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Christina Romer
Christina Romer, former chair of the Obama administration's Council on Economic Advisers. (Getty Images)

Cheerful to the extreme, Christina Romer's sunny disposition belied the message she delivered Tuesday to students and academics at Washington University.

The topic was the unemployment crisis that has stripped away more than 13 million jobs.

To hear some economists, 2013 will come and go before the unemployment rate levels off at a "new normal" now expected to settle somewhere in the range of 7 to 8 percent.

Others predict the jobs won't come back until 2016.

Romer told the Wash U forum she believes the crisis has the potential to last far beyond that date.

Romer, former chair of the Obama administration's Council on Economic Advisers, is unfortunately in a better position than most to evaluate the severity of the situation.

She was born in Alton and is currently an economics professor at the University of California, Berkeley. Romer spent Tuesday meeting with students, faculty and administrators on Wash U's Danforth campus.

The visit culminated in a two-hour forum to address "The Continuing Unemployment Crisis: Causes, Cures, and Questions for Further Study."

Romer was joined by a handful of professors and adjuncts representing the schools of business, law and social work at Wash U.

She posited.

They rebutted.

Sort of.

All agreed on the myriad causes of the crisis — a list that ran through the usual suspects of the housing bubble, runaway personal debt and lax regulations that allowed Wall Street to spin out of control.

But only one panelist, William Emmons, challenged Romer's position on job creation. Emmons is an economist with the Federal Reserve Bank of St. Louis and an adjunct professor at the Olin Business School.

Simply put, Romer continues to argue that government spending is the solution to lower unemployment.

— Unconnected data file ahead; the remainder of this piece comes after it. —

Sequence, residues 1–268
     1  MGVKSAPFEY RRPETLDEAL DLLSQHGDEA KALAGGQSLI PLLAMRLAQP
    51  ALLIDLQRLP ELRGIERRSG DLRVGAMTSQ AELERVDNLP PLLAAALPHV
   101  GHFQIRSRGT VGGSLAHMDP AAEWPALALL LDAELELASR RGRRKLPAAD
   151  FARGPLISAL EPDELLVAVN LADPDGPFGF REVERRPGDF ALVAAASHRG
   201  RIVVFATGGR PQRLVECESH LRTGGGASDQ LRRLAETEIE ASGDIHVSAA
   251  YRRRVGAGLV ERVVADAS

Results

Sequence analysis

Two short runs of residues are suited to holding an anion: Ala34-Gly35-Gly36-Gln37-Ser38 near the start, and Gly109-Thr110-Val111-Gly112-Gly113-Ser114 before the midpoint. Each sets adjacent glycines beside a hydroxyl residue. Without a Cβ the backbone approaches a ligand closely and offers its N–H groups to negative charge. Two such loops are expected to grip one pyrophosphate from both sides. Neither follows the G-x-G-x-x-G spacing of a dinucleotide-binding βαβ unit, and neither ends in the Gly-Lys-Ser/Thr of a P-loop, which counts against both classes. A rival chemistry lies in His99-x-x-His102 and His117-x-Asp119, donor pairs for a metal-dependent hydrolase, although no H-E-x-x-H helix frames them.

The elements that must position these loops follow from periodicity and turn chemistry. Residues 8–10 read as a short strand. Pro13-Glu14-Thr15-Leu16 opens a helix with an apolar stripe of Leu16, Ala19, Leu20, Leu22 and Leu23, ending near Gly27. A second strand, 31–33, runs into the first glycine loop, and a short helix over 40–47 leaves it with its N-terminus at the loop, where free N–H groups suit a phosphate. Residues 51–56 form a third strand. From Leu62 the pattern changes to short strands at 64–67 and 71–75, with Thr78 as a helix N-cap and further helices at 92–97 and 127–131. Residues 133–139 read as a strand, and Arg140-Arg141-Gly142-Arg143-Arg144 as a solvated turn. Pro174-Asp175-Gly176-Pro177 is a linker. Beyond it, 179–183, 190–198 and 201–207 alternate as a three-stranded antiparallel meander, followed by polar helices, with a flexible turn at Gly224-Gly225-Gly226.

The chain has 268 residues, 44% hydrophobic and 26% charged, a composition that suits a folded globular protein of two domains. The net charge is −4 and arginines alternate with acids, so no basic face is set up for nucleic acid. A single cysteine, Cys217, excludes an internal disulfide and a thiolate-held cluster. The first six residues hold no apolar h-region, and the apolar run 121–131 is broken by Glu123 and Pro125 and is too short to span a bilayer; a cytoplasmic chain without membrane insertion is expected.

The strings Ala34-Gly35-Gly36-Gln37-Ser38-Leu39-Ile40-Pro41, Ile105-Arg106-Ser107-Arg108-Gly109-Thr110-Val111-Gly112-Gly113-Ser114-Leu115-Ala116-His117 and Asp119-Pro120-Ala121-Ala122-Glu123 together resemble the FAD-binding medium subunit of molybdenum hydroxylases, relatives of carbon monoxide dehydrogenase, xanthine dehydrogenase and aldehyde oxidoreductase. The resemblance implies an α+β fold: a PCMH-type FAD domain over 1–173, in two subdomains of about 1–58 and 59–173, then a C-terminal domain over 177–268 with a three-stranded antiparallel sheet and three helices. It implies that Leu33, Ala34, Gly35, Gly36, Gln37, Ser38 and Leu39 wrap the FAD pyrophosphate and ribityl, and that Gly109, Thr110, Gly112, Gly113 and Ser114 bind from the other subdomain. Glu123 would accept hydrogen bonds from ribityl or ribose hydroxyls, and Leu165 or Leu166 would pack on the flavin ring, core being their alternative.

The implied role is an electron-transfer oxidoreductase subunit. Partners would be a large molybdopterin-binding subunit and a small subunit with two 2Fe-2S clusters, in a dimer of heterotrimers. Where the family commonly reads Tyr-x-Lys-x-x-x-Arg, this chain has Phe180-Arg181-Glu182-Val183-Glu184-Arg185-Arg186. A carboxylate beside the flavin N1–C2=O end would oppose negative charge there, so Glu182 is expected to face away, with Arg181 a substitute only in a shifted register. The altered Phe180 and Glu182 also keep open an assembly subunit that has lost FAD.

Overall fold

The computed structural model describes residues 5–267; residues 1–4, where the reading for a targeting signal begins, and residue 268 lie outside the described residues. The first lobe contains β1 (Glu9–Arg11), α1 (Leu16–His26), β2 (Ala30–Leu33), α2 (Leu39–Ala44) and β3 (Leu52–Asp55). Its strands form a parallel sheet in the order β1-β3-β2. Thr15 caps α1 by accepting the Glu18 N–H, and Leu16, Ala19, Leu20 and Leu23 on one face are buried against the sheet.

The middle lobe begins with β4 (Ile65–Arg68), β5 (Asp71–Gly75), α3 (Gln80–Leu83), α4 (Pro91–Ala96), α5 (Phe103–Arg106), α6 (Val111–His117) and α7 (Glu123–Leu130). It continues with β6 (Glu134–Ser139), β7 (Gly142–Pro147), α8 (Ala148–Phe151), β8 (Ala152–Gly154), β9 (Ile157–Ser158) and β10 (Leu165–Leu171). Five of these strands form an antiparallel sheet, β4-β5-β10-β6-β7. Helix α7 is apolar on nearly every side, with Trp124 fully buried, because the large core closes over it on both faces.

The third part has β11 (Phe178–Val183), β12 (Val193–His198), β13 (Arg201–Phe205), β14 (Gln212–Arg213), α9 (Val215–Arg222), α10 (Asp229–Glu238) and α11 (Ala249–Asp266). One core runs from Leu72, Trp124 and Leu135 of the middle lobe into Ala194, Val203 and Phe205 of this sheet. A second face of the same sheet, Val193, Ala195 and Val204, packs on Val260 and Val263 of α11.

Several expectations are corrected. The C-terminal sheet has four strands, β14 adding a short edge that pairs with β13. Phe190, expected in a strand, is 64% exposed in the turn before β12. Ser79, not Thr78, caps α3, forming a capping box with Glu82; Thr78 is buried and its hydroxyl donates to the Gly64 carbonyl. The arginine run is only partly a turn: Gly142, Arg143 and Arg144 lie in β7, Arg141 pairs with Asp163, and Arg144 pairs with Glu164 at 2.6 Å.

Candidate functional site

She unapologetically contends the $787 billion the U.S. spent to stimulate job growth in 2009-10 didn't go far enough.

"I firmly believe if it had been bigger, we could have done more," Romer said during a question-and-answer session at the conclusion of the symposium.

The other panelists, Emmons being the exception, were more than happy to join the chorus.

Law professor Marion Crain called on policymakers to introduce reforms that can empower the workforce and reinvigorate the labor movement.

And professor Michael Sherraden, director of the Center for Social Development at the George Warren Brown School of Social Work, advocated for the return of Depression-era public works projects to repair the country's crumbling infrastructure.

The resurrection of the Civilian Conservation Corps alone, he said, could restore employment for at least a million Americans.

There's nothing wrong with the free exchange of ideas.

And this isn't to insinuate that the panelists don't have the best interests of the country and an unemployed workforce of 13.5 million people at heart.

But reviving the Civilian Conservation Corps?

Policies that inject new life in a moribund labor movement?

Spending additional federal billions to stimulate job growth?

All this in a country that only last week came within a whisker of a government service shutdown over a $360 million allocation for Planned Parentood?

Right.

There's a better chance Tony La Russa will face the Los Angeles Dodgers this weekend with a Field of Dreams lineup that has Brock leading off, Schoendienst batting second and Pujols setting the table for Musial at cleanup.

Not coincidentally, the most pragmatic voice at Tuesday's forum was that of the only panelist who doesn't draw the bulk of his salary from an institution of higher learning.

Emmons opined that jobs will emerge incrementally from expansion in the health care sector, improvements in educational attainment and the tried and true warhorse of recovery — American entrepreneurial know-how.

At the end of her remarks, Romer replayed the Oval office scene on the evening the White House economic team learned that the loss of jobs at the end of 2009 was far lower than expected.

President Obama, she reported, hugged her four times, exemplifying "how hungry we, and obviously the American people, were for some sign that the national unemployment nightmare was finally ending."

Unfortunately, she pointed out, the jobs situation again worsened.

And the kind of high-minded but well-intentioned academic rhetoric that unfolded at Wash U this week notwithstanding, these days the conversation about jobs usually occurs only around the Friday at the beginning of each month when the government releases the latest employment figures.

Romer wishes it wasn't so.

"Unemployment," she said, "is a tragedy that should not be tolerated a minute longer."

Indeed.

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